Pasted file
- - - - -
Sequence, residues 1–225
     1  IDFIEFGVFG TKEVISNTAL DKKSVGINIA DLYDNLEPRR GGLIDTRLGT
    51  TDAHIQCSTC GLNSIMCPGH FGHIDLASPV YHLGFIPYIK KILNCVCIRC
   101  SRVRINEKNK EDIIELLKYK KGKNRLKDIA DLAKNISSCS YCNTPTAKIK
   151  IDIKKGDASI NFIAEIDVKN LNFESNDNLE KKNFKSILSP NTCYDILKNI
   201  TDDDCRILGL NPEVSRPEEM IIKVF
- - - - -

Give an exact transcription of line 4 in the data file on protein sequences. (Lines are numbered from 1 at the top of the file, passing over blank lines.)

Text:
   101  SRVRINEKNK EDIIELLKYK KGKNRLKDIA DLAKNISSCS YCNTPTAKIK